'Inside Politics' Interview: Stuart Rothenberg, Charles Cook
Discussing the Arkansas School Shooting in the Context of Campaign '98
Aired March 25, 1998 - 5:19 p.m. ET
[THIS IS A RUSH TRANSCRIPT. THIS COPY MAY NOT BE IN ITS FINAL FORM AND MAY BE UPDATED.]
BERNARD SHAW, CNN: As we've seen and heard, a tragedy such as yesterday's school shooting, is likely to resonate across the political landscape. Joining us to discuss this within the context of campaign '98, Stuart Rothenberg of "The Rothenberg Political Report," and Charles Cook of "The Cook Political Report." You've been thinking about this for several hours, what have you come up with so far?
CHARLES COOK, "THE COOK POLITICAL REPORT": I don't think it's going to have a huge impact on the election, because it's seven-and-a- half months from now. A lot of time, a lot of events -- surely it's stirred up a lot of emotions. It's a real tragedy and it certainly will build, sort of accumulative impact in terms of trying to build for some sort of gun control legislation. But terms of affecting elections this November, I'm kind of doubtful about it.
STUART ROTHENBERG, "THE ROTHENBERG POLITICAL REPORT": I would tend to agree, Bernie. I think the Republicans will define this as a question of crime and values and upbringing, and the Democrats in terms of straight gun control issue. As time goes by, I think we'll probably offset. Now there are one or two quick points I wanted to make.
One, there was a Democratic primary in western Pennsylvania against Congressman Doyle. The woman who is running Mary Beth Hacky (ph) is running solely because her son was shot accidentally, very comparable to the New York congresswoman you had on earlier.
She says there are no other particular issues, she's just decided this event was such a -- significant factor in her life that she wants to go to Washington. So it is playing -- it can play in individual races. And as you recall, in the Illinois governor's race and Senate primaries it came up.
SHAW: That was going to be my next question.
ROTHENBERG: Well, I'll let you ask it.
SHAW: No, no, please, go into it.
ROTHENBERG: Well, in the Republican Senate race Loleta Didrickson, a sort of moderate Republican, attacked Peter Fitzgerald, the conservative. for being allegedly being extreme on guns. The hook was that he favored a concealed carry belt.
In fact, Fitzgerald also supports the Brady Bill and the assault weapons ban, and Didrickson's attacks certainly did not help her win the election, Fitzgerald won. And in the governors race, Glenn Poshard, the pro-life, pro-gun Democrat, the only anti-gun Democrat, won the Democratic gubernatorial race; a four way race. I think that's pretty significant and it goes back to Bill's point about intensity.
COOK: Where this could kick in November, I think, would be if there were some kind of a vote where members voted against some sort of common sense sounding legislation.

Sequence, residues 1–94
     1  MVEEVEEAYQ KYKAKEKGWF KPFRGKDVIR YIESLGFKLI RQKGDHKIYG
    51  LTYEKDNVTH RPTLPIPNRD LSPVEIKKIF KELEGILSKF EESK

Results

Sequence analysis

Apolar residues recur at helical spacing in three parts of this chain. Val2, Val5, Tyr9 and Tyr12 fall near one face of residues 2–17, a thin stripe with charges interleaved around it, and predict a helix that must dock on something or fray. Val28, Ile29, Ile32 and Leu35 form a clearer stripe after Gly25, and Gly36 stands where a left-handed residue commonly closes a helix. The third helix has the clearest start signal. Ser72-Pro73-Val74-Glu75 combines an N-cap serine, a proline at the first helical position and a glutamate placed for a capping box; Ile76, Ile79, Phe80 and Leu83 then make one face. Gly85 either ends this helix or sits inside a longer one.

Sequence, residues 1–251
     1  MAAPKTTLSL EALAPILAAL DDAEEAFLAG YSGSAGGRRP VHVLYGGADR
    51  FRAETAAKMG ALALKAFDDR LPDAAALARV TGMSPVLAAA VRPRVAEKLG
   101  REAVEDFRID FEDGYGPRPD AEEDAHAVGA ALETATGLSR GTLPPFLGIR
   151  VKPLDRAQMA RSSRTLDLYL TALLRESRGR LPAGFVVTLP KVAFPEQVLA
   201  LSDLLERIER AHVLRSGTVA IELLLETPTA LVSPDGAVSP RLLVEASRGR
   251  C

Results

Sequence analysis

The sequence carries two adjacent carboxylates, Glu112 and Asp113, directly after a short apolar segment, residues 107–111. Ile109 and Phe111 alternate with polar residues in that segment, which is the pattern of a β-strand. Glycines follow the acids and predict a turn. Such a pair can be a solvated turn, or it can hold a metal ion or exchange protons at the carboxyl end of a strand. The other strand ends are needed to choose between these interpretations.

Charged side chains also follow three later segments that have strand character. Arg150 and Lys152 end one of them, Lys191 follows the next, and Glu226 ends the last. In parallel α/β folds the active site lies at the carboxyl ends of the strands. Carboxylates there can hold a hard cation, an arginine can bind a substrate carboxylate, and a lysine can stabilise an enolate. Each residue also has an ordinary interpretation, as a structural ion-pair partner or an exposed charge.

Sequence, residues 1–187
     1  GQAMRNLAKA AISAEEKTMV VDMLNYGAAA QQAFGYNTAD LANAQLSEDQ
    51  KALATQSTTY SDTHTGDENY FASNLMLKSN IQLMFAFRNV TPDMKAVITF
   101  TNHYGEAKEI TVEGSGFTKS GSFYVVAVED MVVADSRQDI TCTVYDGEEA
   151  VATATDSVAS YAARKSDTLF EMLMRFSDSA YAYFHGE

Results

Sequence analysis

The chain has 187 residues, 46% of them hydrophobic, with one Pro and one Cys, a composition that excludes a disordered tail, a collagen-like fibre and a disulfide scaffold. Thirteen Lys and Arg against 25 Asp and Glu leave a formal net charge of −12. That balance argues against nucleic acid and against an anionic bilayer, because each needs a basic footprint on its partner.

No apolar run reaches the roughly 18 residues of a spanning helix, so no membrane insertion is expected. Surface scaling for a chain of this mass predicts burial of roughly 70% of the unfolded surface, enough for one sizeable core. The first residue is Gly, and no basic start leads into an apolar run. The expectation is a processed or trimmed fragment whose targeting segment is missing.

SHAW: Now, we had Brooks Jackson telling us about the tough Republican version of the juvenile crime bill.
COOK: But I don't think -- I don't think a juvenile crime bill would have had anything to do with this. It's -- if you had a trigger lock legislation, for example, and there was an up or down vote on trigger locks.
SHAW: Something specific.
COOK: Something specific, because juvenile crime -- these kids weren't criminals until yesterday.
SHAW: If you let me shift focus now, because we want to take a look at independent counsel Ken Starr. His investigation of the president already is figuring as an issue in one House race. In Kentucky, Democratic congressional candidate Bobby Russell has released this TV ad:
(BEGIN VIDEO CLIP)
BOBBY RUSSELL, DEMOCRATIC CONGRESSIONAL CANDIDATE, KENTUCKY: I'm Bobby Russell. I've been prosecuting criminals for 15 years. Independent counsel Ken Starr has spent 5 years and $40 million investigating the president.
What's he got to show for it? What Ken Starr is doing is just plain wrong. That's $40 million we could have used to protect our children and to fix our health care system. To me it's common sense. But it doesn't seem like there's very much of that in Washington right now, and that's why I'm running for Congress.
(END VIDEO CLIP)
SHAW: Those 23 Americans sitting in the U.S. federal courthouse, just a few blocks away from here at that grand jury, continuing to take testimony from witnesses who are sent in there by independent counsel Ken Starr. The charges of sexual misconduct directed at the president -- any resonance, especially with Starr out in America?
ROTHENBERG: I don't see it in very many races. I don't see it in any races other than this. What you have here is a Democratic congressional hopeful in a six-person race, where no one broken out of the pack.
SHAW: Bobby Russell.
ROTHENBERG: Bobby Russell is running this ad to try to break out, to get some name recognition, to be known in the district. He's beating up on Ken Starr; that's easy to do in a Democratic prime ministery.
COOK: You've also seen that in a Senate primary in Arkansas, where Dale Bumpers is not running again, Nate Coulter, one of the Democratic Senate candidates is running to reform the independent counsel law. But again, with Democratic primary voters this can resonate, but within the general electorate I don't think it works well.
SHAW: Stu Rothenberg we have about ten seconds. You have a potential political headline, as regards to the Democrats in the U.S. House of Representatives?
ROTHENBERG: Well, Bernie, I've got a column tomorrow in "Roll Call" that suggests the Democrats have a chance of breaking a 60-year lock, that is a 60-year jinx, which is the party controlling the White House has not picked up House seats in the mid-terms. I think they have a chance to pick up a seat or two. It might be a small gain, but any gain would be historical.
SHAW: Stu Rothenberg, Charlie Cook, thanks very much.